The Practice of Constructivism in Science Education

By Kenneth Tobin | Go to book overview

13
Constructivist Perspectives on Teacher Learning

Kenneth Tobin

The focus for the research described in this chapter is on teacher learning and curriculum change. We were interested in factors associated with teachers making changes in their classrooms and institutionalizing those changes. The program of research has been in progress since 1984 and continues today (e.g., Tobin 1990a, Tobin and Espinet 1989; Tobin and Fraser 1987; Tobin and Gallagher 1987; Tobin et al. 1990; Tobin and Ulerick 1989). Throughout the entire research program, we have focused on the teacher and the rationale for teaching practices. Our research questions have involved teacher beliefs and other cognitive factors such as metaphors. It is now clear that a prerequisite to understanding the change process is to understand the culture in which teaching and learning are embedded.

A teacher's experience is sensory and is given meaning by reflection, which involves the construction of images, and, in some cases, the assignment of language to images, which can be thought of as dynamic reconstructions of experience ( Clandinin 1986; Paivio 1974). Sanders and McCutcheon ( 1986) and Elbaz ( 1983) reported how teachers used images as they thought about teaching. Kennison ( 1990) described how the teachers in her case studies used images in the process of imagining lessons in their classrooms, developing and maintaining innovations, and planning for learning. In our own research, we observed how Marsha perceived her roles in terms of metaphors and associated visual images ( Tobin and Ulerick 1989). Even more graphic was the example of a science teacher who envisioned himself as a swashbuckling captain of a ship, barking orders to his crew to keep them under tight control ( Tobin 1990b).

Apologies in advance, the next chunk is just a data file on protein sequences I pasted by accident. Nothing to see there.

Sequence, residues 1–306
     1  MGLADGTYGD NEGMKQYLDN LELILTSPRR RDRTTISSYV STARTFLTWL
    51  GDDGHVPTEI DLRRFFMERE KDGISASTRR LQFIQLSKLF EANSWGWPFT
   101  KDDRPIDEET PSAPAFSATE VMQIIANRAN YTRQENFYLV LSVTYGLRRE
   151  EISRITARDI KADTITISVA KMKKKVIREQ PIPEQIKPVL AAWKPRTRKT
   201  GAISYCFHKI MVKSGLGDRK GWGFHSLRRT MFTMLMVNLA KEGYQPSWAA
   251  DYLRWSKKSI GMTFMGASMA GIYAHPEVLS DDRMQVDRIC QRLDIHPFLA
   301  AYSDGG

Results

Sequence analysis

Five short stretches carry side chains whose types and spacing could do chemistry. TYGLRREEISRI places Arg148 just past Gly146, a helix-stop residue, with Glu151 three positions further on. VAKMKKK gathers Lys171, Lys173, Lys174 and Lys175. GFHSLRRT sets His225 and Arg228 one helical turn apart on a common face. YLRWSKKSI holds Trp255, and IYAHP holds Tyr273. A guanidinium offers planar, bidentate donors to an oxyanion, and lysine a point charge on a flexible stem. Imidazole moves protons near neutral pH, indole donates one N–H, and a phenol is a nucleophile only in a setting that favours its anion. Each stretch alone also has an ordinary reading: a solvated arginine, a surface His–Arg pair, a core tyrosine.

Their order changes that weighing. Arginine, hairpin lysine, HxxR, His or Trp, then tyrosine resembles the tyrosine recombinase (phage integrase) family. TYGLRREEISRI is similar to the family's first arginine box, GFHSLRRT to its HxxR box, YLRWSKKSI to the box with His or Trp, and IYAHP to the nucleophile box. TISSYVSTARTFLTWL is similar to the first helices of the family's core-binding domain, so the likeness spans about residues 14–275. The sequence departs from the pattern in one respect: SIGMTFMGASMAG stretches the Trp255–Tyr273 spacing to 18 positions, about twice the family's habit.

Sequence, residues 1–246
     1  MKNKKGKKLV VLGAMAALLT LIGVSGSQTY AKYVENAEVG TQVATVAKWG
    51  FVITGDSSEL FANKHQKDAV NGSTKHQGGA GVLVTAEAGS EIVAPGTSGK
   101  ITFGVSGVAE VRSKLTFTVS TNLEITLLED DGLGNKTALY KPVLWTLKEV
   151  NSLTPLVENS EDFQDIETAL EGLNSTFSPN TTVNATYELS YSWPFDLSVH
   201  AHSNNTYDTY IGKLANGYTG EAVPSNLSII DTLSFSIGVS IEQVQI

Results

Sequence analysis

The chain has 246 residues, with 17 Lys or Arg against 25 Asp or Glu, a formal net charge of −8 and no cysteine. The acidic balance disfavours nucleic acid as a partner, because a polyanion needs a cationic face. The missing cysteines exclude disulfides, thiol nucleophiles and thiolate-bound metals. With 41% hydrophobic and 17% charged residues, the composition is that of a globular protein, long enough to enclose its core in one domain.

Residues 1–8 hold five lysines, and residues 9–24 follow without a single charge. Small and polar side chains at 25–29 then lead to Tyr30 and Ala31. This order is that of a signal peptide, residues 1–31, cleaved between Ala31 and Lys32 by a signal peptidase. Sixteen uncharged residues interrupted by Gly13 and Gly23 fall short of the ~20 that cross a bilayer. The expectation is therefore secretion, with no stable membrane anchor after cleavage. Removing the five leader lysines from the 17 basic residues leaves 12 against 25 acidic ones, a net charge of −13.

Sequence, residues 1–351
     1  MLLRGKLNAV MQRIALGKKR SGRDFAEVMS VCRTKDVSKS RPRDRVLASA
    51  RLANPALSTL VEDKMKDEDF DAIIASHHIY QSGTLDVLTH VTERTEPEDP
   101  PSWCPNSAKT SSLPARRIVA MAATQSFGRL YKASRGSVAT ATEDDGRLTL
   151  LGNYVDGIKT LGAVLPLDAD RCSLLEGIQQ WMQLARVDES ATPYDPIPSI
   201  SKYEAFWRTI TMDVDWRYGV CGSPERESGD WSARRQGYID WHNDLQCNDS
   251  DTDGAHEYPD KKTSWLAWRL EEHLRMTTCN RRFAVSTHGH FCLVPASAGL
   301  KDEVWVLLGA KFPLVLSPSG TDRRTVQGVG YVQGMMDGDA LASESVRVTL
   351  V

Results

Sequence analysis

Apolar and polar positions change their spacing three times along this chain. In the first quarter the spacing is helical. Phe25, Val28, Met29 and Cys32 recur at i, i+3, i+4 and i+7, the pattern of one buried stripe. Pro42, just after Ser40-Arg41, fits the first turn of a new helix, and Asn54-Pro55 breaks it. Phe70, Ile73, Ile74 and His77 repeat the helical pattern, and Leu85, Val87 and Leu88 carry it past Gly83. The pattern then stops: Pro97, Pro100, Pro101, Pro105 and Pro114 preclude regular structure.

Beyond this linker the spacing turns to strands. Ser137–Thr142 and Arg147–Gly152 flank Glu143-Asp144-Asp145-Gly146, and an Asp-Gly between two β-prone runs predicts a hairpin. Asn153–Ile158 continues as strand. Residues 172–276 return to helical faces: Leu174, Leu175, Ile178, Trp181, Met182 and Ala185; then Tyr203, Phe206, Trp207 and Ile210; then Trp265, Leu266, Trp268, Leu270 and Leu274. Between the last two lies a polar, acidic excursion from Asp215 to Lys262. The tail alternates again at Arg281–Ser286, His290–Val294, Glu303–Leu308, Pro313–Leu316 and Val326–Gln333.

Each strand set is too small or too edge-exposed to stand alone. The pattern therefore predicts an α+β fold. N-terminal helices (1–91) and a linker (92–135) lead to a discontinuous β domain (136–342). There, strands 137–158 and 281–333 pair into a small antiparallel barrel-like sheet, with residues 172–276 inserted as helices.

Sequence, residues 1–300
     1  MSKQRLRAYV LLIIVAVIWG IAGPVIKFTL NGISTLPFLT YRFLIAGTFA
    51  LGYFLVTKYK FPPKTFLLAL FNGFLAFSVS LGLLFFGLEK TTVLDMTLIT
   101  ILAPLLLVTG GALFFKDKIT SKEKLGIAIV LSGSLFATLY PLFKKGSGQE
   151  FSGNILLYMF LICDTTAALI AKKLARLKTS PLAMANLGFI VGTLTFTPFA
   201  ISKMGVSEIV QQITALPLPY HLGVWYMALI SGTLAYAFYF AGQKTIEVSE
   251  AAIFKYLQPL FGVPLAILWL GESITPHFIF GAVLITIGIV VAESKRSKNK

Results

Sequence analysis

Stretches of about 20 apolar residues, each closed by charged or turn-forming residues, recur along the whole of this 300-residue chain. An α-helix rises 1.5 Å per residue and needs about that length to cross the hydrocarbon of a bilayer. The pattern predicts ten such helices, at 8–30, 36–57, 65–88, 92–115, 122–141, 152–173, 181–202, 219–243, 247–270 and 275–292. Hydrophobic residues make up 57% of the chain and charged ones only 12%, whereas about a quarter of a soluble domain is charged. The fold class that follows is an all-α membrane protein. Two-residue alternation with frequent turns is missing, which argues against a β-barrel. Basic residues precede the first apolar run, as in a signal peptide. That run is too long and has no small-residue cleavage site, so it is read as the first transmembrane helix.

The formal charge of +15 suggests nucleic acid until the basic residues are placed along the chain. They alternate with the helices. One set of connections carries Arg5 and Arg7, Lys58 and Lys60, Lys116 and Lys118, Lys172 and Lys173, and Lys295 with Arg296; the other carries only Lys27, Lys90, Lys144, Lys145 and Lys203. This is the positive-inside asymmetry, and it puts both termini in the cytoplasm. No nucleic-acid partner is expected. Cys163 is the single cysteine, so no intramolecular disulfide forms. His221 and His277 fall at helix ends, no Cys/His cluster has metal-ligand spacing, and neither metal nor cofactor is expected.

MAKING SENSE OF SALIENT CONCEPTS

An important aspect of language and knowing is referred to by Lakoff ( 1987) as metonymy. This occurs when a person uses a part of a concept to give meaning to an entire concept. For example, Marsha, and most of her colleagues, defined teaching predominantly in terms of management, which, in turn, was defined in terms of control of students. Solutions to teaching problems were, therefore, sought in terms of management and control. Another way to think

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